Michael Phelps and Carl Lewis: Meet Rafer Johnson
Michael Phelps won his 20th medal on Thursday night and will likely get two more on Friday and Saturday. After his 19th medal a couple of nights ago, I got an e-mail from my friend and colleague Denis Cortese about how his total compares to what a great decathlete might get if there were a medal given for each of the 10 events in the competition.
This is a good question because Olympic sports differ in how many “gettable medals” there are for a given athlete. If you look at the list of multiple medal winners there are a lot of swimmers, gymnasts and cross country skiers. For a variety of reasons there are more opportunities to rack up big medal totals in these sports.
There are 13 individual events in swimming per Olympics and Phelps has been in four (2000, 2004, 2008, 2012). At the end of the day he will have at least 12 and likely 13 individual medals and at least 10 and perhaps 11 golds in 52 chances. So Phelps has won about 20% of the individual golds available in men’s swimming since 2000. The stats look better if you exclude 2000 when he was 15 and did not medal. He is also the first swimmer to win gold in the same event three times in a row.
Based on some back of the envelope calculations it is uncommon for an athlete to compete or medal in the decathlon in more than two Olympics. Since 1904, 72 medals have been awarded and only 10 people have won medals in two Olympics. No one has medaled in three. Because the decathlon is about cumulative point totals, it is possible for an over all winner to emerge without ever winning a single event.
In the legendary 1960 competition between Rafer Johnson and CK Yang, Yang won 4 individual events and Johnson only 1 against the rest of the field. If you score it as match play, it was Yang over Johnson 7-3, but Johnson got the gold on points. The video clip is summary of their competition and the only thing to add is that both Johnson and Yang went to UCLA and not the University of California as stated in the clip.
If you are unable to see the video, click this link.
It is exceptional for anyone to win four or more individual events in an Olympic decathlon like Yang did and even two or three is unusual. So like Phelps a top decathlete would win 20% or maybe a bit more of their individual events. However, participation in four games would be almost inconceivable.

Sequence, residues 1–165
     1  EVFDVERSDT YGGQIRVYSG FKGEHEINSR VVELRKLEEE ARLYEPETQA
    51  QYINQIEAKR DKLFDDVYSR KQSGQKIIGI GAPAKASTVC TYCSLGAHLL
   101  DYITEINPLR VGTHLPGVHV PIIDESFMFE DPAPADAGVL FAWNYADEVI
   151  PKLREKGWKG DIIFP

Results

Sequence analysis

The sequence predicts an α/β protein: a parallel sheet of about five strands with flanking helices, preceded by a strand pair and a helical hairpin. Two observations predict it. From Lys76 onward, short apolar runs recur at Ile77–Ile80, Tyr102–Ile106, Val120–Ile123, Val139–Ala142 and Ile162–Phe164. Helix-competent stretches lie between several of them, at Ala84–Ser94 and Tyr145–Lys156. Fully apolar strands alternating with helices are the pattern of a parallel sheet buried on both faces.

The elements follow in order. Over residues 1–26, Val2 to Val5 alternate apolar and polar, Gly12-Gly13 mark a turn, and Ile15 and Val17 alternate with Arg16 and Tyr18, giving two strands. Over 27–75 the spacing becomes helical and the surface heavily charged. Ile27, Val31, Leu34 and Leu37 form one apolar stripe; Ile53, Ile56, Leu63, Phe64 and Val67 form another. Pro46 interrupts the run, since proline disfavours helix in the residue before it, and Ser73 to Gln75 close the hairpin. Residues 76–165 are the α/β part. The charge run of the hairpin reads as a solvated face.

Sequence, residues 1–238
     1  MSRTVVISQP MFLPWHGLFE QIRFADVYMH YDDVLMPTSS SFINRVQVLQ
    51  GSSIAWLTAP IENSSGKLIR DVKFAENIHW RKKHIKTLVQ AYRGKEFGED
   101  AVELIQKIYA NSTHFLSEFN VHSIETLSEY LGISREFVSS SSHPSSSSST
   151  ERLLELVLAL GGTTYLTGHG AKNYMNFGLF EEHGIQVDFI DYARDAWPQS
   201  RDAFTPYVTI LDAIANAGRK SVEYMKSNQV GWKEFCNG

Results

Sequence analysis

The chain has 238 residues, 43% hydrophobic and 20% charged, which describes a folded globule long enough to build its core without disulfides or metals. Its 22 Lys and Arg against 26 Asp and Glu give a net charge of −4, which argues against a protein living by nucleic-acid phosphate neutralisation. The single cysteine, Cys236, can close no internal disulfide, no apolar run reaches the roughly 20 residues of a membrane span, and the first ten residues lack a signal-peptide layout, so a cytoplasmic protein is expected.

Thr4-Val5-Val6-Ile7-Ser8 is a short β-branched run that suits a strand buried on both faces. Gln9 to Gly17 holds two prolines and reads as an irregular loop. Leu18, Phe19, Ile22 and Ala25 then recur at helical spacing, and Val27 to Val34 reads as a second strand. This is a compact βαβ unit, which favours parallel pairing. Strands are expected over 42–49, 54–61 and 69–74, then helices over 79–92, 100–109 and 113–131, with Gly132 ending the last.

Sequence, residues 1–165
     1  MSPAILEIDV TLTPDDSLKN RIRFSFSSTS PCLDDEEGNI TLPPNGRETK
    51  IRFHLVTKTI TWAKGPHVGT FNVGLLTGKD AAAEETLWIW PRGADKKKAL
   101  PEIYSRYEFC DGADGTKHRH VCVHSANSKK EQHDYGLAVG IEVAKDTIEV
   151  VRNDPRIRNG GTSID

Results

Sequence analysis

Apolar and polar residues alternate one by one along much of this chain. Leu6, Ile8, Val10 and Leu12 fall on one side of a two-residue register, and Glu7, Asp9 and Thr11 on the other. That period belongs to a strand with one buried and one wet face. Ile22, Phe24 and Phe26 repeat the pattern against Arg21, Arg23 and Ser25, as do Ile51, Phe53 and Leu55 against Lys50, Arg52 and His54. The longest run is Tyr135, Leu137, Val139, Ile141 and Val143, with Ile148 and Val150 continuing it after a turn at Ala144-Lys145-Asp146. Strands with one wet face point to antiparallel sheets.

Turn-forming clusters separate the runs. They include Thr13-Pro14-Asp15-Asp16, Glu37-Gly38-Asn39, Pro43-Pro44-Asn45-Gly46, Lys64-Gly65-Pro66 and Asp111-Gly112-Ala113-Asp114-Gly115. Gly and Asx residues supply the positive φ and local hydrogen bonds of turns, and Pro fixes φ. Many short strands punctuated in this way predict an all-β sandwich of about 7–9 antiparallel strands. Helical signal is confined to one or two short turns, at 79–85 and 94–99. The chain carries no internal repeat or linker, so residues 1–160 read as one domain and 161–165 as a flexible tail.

Another interesting example is Carl Lewis. He won eight individual medals over four Olympics. As of now (who knows what Usain Bolt will do in a few days) he is the only man to repeat in the 100m (1984, 1988). He also won the long jump four times in a row; only a few people have won the same event in any sport four times in a row. Lewis also missed a chance to pick up more medals due to the 1980 boycott.
A comparison of Phelps and Lewis shows one of the main differences between swimming and track. Phelps has medaled in events ranging from less than one minute to events lasting longer than four minutes, and there are a whole lot of swimming events that last about two minutes where he has excelled. In 2008, if the schedule had permitted he probably could have medaled in the 400m freestyle and even the 1500m freestyle. He was that good!
In track the range is much narrower. The physiology and biomechanics of this are complicated, but you don’t see the same person winning events with a big time range, for example 400m to 1500m, at the same track meet like you do in swimming. If you account for range and assume that Lewis really only had a chance to get individual medals in the 100m, 200m, and long jump; he is 8/12 with 7 golds. So, let’s not forget Carl Lewis. In my book he was nearly as dominant but for even longer than Phelps.
More importantly, let’s not forget Rafer Johnson.
- UCLA Student Body President
- Silver medal 1956 decathlon
- Gold medal 1960 decathlon
- Flag bearer 1960
- Torch lighter 1984
- Long time leader in the Special Olympics movement
- One of the men who disarmed Robert Kennedy’s assassin in 1968
Phelps and Lewis are great champions. Rafer Johnson is a hero for the ages.
This entry was posted on Friday, August 3rd, 2012 at 7:44 am and is filed under Current Events, Elite Sports Performance, Physiology. You can follow any responses to this entry through the RSS 2.0 feed. You can leave a response, or trackback from your own site.